Parametric studies of antipsychotic-induced sensitization in the conditioned avoidance response model: Roles of number of drug exposure, drug dose, and test-retest interval

Natashia Swalve, Ming Li

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20 Citations (Scopus)

Abstract

Repeated haloperidol and olanzapine treatment produces an enhanced disruption of avoidance responding, a validated measure of antipsychotic activity. Experimental parameters affecting this sensitization-like effect have not been thoroughly examined. The present study investigated the role of three parameters (number of injections, dose, and interval between initial exposure and challenge) in antipsychotic sensitization in the conditioned avoidance response paradigm. Well-trained Sprague-Dawley rats received different numbers of drug treatment (1-5 days) or different doses of haloperidol (0.025-0.10 mg/kg, subcutaneously) or olanzapine (0.5-2.0 mg/kg, subcutaneously). After certain time intervals (4, 10 or 17 days), they were tested for the expression of haloperidol or olanzapine sensitization in a challenge test in which all rats were injected with a lower dose of haloperidol (0.025 mg/kg) or olanzapine (0.5 mg/kg). Throughout the drug-treatment period, both haloperidol and olanzapine dose-dependently enhanced their disruption of avoidance responding. Three days later, the sensitization induced by a low dose of haloperidol (0.025 mg/kg) or olanzapine (0.5 mg/kg) was only apparent in rats that received treatment for 5 days, but not in those that received treatment for 1-4 days. The sensitization induced by the medium and high doses of haloperidol (0.05 and 0.10 mg/kg) or olanzapine (1.0 and 2.0 mg/kg) was still robust even with only 3 days of treatment. The sensitization induced by a 3-day haloperidol (0.10 mg/kg) and olanzapine (2.0 mg/kg) treatment was long-lasting, still detectable 17 days after the last drug treatment. This study suggests that antipsychotic sensitization is a robust behavioral phenomenon. Its induction and expression are strongly influenced by parameters such as number of drug exposures, drug dose, and test-retest interval. Given the importance of antipsychotic sensitization in the maintenance of antipsychotic effects in the clinic, this study introduces a paradigm that can be used to investigate the behavioral and neurobiological mechanisms underlying antipsychotic sensitization.

Original languageEnglish (US)
Pages (from-to)380-391
Number of pages12
JournalBehavioural pharmacology
Volume23
Issue number4
DOIs
StatePublished - Aug 1 2012

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olanzapine
Haloperidol
Antipsychotic Agents
Pharmaceutical Preparations
Therapeutics
Sprague Dawley Rats

Keywords

  • conditioned avoidance response
  • haloperidol
  • olanzapine
  • parameters
  • rat
  • sensitization

ASJC Scopus subject areas

  • Pharmacology
  • Psychiatry and Mental health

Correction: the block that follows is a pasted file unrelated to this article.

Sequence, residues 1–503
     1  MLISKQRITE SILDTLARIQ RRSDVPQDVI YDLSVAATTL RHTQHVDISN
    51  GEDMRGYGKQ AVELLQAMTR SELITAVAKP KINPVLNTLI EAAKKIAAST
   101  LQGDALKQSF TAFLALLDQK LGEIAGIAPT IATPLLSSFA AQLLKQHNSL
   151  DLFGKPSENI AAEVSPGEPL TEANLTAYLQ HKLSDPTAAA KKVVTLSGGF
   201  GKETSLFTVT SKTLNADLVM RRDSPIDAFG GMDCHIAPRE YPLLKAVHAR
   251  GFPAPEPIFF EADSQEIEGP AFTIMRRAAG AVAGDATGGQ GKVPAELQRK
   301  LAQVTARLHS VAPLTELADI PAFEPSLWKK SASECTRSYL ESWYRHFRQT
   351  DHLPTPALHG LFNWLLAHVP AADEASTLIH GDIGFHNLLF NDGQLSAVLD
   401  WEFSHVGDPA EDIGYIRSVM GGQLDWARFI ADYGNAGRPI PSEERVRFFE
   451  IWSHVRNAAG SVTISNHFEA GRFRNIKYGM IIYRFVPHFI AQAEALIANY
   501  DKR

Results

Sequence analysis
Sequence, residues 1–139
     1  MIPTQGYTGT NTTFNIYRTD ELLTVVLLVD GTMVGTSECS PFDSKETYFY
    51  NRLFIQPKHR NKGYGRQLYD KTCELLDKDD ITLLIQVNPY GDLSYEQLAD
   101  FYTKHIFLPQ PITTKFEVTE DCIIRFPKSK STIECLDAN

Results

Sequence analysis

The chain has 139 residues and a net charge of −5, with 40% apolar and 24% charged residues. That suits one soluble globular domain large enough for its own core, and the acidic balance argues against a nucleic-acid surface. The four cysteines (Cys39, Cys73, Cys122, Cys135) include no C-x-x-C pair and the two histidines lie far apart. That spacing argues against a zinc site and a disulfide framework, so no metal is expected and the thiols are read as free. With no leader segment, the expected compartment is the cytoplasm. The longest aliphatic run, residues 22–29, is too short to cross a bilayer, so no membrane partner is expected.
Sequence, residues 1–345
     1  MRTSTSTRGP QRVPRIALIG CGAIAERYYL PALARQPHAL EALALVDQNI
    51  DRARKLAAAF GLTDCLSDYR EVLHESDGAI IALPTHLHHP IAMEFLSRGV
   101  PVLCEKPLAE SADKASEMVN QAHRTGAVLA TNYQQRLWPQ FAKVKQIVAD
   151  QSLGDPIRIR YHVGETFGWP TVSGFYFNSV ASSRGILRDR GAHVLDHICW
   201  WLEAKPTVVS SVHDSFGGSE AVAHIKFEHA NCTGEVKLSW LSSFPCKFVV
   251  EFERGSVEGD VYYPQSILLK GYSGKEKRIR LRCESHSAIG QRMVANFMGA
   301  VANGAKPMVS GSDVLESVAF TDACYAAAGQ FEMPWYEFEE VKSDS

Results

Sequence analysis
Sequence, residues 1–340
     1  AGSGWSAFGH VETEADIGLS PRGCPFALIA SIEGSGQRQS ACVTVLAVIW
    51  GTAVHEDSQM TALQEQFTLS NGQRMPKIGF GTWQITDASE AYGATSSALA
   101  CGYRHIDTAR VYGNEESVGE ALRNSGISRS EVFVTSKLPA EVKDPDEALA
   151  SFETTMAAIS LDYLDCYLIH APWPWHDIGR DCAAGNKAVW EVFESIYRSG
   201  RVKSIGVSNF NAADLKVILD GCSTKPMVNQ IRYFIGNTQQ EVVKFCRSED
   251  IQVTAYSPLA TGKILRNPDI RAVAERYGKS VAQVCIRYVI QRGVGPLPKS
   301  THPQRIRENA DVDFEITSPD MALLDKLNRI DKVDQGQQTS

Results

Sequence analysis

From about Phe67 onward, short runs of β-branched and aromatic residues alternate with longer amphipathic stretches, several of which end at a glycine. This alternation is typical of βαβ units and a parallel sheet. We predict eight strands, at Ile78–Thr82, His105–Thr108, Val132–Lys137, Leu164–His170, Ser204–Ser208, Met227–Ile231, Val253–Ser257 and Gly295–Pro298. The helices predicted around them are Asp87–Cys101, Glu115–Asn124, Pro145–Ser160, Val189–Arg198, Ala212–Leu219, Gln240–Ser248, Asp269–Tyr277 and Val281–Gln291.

Cite this

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title = "Parametric studies of antipsychotic-induced sensitization in the conditioned avoidance response model: Roles of number of drug exposure, drug dose, and test-retest interval",
abstract = "Repeated haloperidol and olanzapine treatment produces an enhanced disruption of avoidance responding, a validated measure of antipsychotic activity. Experimental parameters affecting this sensitization-like effect have not been thoroughly examined. The present study investigated the role of three parameters (number of injections, dose, and interval between initial exposure and challenge) in antipsychotic sensitization in the conditioned avoidance response paradigm. Well-trained Sprague-Dawley rats received different numbers of drug treatment (1-5 days) or different doses of haloperidol (0.025-0.10 mg/kg, subcutaneously) or olanzapine (0.5-2.0 mg/kg, subcutaneously). After certain time intervals (4, 10 or 17 days), they were tested for the expression of haloperidol or olanzapine sensitization in a challenge test in which all rats were injected with a lower dose of haloperidol (0.025 mg/kg) or olanzapine (0.5 mg/kg). Throughout the drug-treatment period, both haloperidol and olanzapine dose-dependently enhanced their disruption of avoidance responding. Three days later, the sensitization induced by a low dose of haloperidol (0.025 mg/kg) or olanzapine (0.5 mg/kg) was only apparent in rats that received treatment for 5 days, but not in those that received treatment for 1-4 days. The sensitization induced by the medium and high doses of haloperidol (0.05 and 0.10 mg/kg) or olanzapine (1.0 and 2.0 mg/kg) was still robust even with only 3 days of treatment. The sensitization induced by a 3-day haloperidol (0.10 mg/kg) and olanzapine (2.0 mg/kg) treatment was long-lasting, still detectable 17 days after the last drug treatment. This study suggests that antipsychotic sensitization is a robust behavioral phenomenon. Its induction and expression are strongly influenced by parameters such as number of drug exposures, drug dose, and test-retest interval. Given the importance of antipsychotic sensitization in the maintenance of antipsychotic effects in the clinic, this study introduces a paradigm that can be used to investigate the behavioral and neurobiological mechanisms underlying antipsychotic sensitization.",
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